passenger rates. This Court pointed out that the order went far beyond the principles announced in the Shreveport case, and declined to sustain the statewide order on this phase of the case. See also Florida v. United States, 282 U.S. 194, 208. So here, the finding that interstate passengers paid higher fares than intrastate passengers for the same facilities is an inadequate support for nullifying state rates on the ground that they constitute unjust discrimination against interstate passengers.

Discrimination Against Interstate Commerce. One ground of the Commission's order was that the intrastate rates discriminated against interstate commerce as such. The findings of the Commission on which this conclusion rested were that the 2.2 cents interstate rate was just and reasonable; the same trains in general carried both interstate and intrastate passengers; the North Carolina railroads to which the intrastate rates were applied, would have received $525,000 more annual income from the passengers they carried had the 2.2 cents interstate rate been applied; from this the conclusion was reached that intrastate traffic was "not contributing its fair share of the revenue required to enable respondents to render adequate and efficient transportation service."

This conclusion of the Commission, if based on findings supported by evidence, would justify its order. For in Florida v. United States, 292 U.S. 1, 5, we said that § 13 (4) authorized the Commission "to raise intrastate rates so that the intrastate traffic may produce its fair share of the earnings required to meet maintenance and operating costs and to yield a fair return on the value of property devoted to the transportation service, both interstate and intrastate." We sustained the Commission's order there because it was based on findings supported by evidence that the intrastate rate "was abnormally low and less than reasonably compensatory . . . 'insufficient under all the circumstances and conditions to cover the full cost of the

[ 325 U.S. Page 515]

     service.'" Neither in its formal findings nor in its discussion of the facts did the Commission indicate that the North Carolina railroad rates here involved were less than compensatory or insufficient to cover the full cost of service. Nor did they find that maintenance of these rates was necessary to the operation of a nationally efficient and adequate railway system.*fn4

[ 325 U.S. Page 516]

     But the question posed by the Commission's conclusion was whether the particular North Carolina railroads were obtaining from North Carolina's intrastate passenger rates their fair part of such funds as were required to enable these particular railroads to render adequate and efficient service. The Commission made no findings as to what contribution from intrastate traffic would constitute a fair proportion of the railroad's total income. It made no finding as to what amount of revenue was required to enable these railroads to operate efficiently. Instead, it relied on the mere existence of a disparity between what it said was a reasonable interstate rate and the intrastate rate fixed by North Carolina. It thought this action was justified by this Court's opinion in Illinois Commerce Comm'n v. United States, 292 U.S. 474, 485.*fn5 Aside from the fact that "the mere existence of a disparity between particular rates on intrastate and interstate traffic does not warrant the Commission in prescribing intrastate rates," Florida v. United States, 282 U.S. 194, 211-212; Utah Edible Livestock Rates and Charges, 206 I. C. C. 309, there is reasonable doubt as to whether the Commission had ever fixed 2.2 cents as the only reasonable interstate rate.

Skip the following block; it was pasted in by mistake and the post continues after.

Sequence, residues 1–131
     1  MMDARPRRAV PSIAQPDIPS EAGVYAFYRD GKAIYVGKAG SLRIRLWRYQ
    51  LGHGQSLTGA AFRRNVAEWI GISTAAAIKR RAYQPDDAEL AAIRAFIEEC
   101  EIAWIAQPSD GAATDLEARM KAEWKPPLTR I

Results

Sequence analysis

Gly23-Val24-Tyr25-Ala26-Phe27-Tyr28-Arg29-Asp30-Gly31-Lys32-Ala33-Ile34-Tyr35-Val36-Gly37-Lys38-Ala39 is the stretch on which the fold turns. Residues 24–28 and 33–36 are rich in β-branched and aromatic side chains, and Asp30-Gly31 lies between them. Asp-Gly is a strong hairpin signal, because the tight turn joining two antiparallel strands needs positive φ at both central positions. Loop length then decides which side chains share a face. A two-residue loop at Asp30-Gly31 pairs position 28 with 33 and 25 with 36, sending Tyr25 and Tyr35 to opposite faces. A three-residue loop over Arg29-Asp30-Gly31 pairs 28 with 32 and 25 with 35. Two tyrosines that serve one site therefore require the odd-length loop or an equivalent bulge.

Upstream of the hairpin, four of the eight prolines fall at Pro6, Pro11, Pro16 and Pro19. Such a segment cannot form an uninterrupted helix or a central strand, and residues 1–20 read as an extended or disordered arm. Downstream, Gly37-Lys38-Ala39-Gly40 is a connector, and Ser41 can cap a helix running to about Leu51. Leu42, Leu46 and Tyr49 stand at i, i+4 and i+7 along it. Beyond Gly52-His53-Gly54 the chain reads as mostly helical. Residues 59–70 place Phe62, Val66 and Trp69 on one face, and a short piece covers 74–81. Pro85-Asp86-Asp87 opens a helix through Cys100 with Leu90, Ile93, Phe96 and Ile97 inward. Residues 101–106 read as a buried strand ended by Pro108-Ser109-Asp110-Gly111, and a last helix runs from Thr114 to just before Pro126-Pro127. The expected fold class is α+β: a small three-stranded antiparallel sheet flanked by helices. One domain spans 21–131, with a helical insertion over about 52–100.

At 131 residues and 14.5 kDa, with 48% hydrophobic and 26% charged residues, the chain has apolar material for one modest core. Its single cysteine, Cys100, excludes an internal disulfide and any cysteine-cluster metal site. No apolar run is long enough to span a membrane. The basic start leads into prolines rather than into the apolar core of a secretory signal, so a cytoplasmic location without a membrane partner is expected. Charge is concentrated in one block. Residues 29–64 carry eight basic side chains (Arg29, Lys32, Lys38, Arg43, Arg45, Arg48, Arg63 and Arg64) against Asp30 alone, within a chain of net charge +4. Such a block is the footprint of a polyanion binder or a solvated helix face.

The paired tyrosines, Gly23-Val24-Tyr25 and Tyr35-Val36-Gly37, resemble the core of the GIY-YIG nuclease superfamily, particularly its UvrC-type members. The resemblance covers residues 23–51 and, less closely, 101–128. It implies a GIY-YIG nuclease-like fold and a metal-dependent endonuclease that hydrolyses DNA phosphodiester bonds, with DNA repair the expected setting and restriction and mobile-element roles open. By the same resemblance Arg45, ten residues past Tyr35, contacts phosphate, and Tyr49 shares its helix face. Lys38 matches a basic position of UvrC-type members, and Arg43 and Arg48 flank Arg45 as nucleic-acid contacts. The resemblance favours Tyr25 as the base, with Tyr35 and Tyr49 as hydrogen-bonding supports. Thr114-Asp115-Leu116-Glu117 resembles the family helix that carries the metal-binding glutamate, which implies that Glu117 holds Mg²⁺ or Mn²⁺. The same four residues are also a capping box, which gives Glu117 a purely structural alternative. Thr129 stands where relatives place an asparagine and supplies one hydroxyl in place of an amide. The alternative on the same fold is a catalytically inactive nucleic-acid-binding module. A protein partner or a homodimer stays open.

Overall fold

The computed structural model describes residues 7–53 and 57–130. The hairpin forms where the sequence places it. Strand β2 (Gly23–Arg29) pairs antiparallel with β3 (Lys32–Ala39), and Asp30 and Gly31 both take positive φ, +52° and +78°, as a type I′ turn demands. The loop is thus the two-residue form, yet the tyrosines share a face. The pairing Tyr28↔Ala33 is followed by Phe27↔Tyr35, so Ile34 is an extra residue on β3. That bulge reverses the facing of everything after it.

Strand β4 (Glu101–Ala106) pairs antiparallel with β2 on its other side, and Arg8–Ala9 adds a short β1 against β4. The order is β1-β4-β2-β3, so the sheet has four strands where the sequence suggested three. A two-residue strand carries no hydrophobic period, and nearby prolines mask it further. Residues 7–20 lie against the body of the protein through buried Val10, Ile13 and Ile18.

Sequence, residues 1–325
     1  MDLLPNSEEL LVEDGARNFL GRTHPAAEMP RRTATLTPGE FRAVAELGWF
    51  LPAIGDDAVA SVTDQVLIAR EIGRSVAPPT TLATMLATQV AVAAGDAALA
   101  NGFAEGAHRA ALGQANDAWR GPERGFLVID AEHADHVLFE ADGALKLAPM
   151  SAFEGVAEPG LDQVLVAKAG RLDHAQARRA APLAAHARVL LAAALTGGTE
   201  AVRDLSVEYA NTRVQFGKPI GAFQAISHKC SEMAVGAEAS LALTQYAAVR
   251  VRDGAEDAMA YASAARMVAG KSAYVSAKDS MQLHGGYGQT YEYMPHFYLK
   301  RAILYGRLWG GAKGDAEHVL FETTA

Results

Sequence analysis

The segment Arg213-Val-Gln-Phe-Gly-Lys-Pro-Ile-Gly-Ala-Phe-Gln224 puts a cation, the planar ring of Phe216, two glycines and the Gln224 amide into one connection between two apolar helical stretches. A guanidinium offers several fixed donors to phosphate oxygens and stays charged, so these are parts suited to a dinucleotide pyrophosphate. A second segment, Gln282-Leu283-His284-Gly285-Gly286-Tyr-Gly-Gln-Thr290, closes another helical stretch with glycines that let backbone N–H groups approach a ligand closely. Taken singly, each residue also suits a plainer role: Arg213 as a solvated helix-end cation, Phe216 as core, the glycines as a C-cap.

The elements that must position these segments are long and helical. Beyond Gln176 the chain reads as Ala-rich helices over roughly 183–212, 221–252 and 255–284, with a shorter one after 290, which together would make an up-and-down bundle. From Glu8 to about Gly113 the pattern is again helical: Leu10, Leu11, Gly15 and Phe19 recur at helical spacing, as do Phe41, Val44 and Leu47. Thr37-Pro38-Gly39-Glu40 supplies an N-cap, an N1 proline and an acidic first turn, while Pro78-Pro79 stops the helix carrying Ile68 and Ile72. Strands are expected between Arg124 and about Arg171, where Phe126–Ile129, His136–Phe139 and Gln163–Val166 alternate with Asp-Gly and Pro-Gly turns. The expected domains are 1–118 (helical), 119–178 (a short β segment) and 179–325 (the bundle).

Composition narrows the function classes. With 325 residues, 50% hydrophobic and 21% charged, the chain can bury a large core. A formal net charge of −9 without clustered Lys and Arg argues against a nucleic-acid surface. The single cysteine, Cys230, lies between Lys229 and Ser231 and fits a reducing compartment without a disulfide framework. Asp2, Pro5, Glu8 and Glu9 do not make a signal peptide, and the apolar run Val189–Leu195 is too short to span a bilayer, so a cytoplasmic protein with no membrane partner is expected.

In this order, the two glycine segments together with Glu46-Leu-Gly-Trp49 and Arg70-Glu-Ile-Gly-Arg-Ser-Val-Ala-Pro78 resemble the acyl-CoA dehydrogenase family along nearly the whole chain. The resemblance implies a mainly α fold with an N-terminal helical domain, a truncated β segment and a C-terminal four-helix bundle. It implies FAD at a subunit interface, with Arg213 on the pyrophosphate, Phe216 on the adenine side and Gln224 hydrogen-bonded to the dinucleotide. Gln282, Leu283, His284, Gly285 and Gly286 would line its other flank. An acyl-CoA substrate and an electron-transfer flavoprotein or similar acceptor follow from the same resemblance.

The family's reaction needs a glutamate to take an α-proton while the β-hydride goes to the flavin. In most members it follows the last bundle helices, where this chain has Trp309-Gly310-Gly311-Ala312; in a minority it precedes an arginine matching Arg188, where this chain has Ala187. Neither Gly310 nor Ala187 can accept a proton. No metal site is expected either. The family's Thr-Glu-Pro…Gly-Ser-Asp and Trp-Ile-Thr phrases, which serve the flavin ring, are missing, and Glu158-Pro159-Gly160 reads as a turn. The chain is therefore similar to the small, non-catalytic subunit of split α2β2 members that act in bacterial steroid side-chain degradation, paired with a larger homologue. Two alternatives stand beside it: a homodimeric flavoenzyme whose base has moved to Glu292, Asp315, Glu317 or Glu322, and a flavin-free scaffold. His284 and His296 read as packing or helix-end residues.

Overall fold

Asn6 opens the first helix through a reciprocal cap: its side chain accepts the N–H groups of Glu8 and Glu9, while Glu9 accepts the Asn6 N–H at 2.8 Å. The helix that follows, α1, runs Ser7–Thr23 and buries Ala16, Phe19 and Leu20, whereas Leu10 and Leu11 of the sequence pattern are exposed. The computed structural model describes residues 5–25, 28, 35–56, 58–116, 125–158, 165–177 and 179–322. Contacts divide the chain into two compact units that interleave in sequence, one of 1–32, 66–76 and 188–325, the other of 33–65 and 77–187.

The whole argument that it had done so rests primarily on an order made in 1936. At that time, the Commission made a comprehensive investigation of rates throughout the nation, and after elaborate discussion made findings

[ 325 U.S. Page 517]

     of fact. It concluded that any rate over 2 cents per passenger mile would be unreasonable and unlawful. But it also declared that a rate of 1.5 cents then commonly charged throughout the Southern states, would not be "unreasonable or otherwise unlawful." 214 I. C. C. 174, 257. Railroads in the South continued to charge 1.5 cents most of the time from then until 1942. March 2, 1942, upon an application of the American railroads, the Commission in Ex parte 148, granted a general 10% increase on all rates then in existence. This increase it found was necessary to enable the railroads "to continue to render adequate and efficient railway-transportation service during the present emergency." 248 I. C. C. 545, 565. The Commission specifically stated, p. 606, that its conclusion was not based on "individual, sectional, or particular industrial desires or needs." Four months later, on July 14, 1942, certain railroads operating in the South, including the railroads involved in the North Carolina case, filed a petition with the Commission asking that it modify its 1936 order, so as to permit them to charge 2.2 cents per mile. Two weeks later, without a hearing, without evidence, and without discussion, the Commission entered an order declining to amend its 1936 order, but modifying its 10% rate increase order, "so as to authorize " the petitioning railroads to charge 2.2 cents per mile. It made no finding that the railroads needed this increase in order to maintain adequate railroad systems and of course could not have done so unless it relied upon the old 1936 evidence. There was no issue of this nature raised by any of the parties in the 10% rate increase proceedings. Neither before nor since these Southern railroads were authorized by the Commission to increase their interstate rate to 2.2 cents has any hearing been held on the subject. Petition of North Carolina for a hearing was denied. Nor has there been any finding based on evidence that the 1.65 cents rate which the Commission

[ 325 U.S. Page 518]

     found adequate, and neither "unreasonable nor unlawful," has ceased to be such. We are unable to find from any of the various orders that the Commission has ever yet made findings supported by evidence and upon them set aside its 1936 conclusions that a 1.5 cents rate for Southern territory was reasonable and lawful, except to the extent that it held that a 10% increase was justifiable.

Furthermore, even assuming that the Commission had previously made a valid 2.2 cents per mile general order broadly applicable to all railroads in the Southern territory or throughout the nation, it does not follow that such a general order must permanently stand as to each and every separate railroad or railroad system. The very nature of such a broad general order requires that it contain a saving clause for future modification and adjustment of particular rates. This Court declared that such a saving clause was essential even at the time that all surplus railroad profits were pooled for the common good of the national system. Railroad ...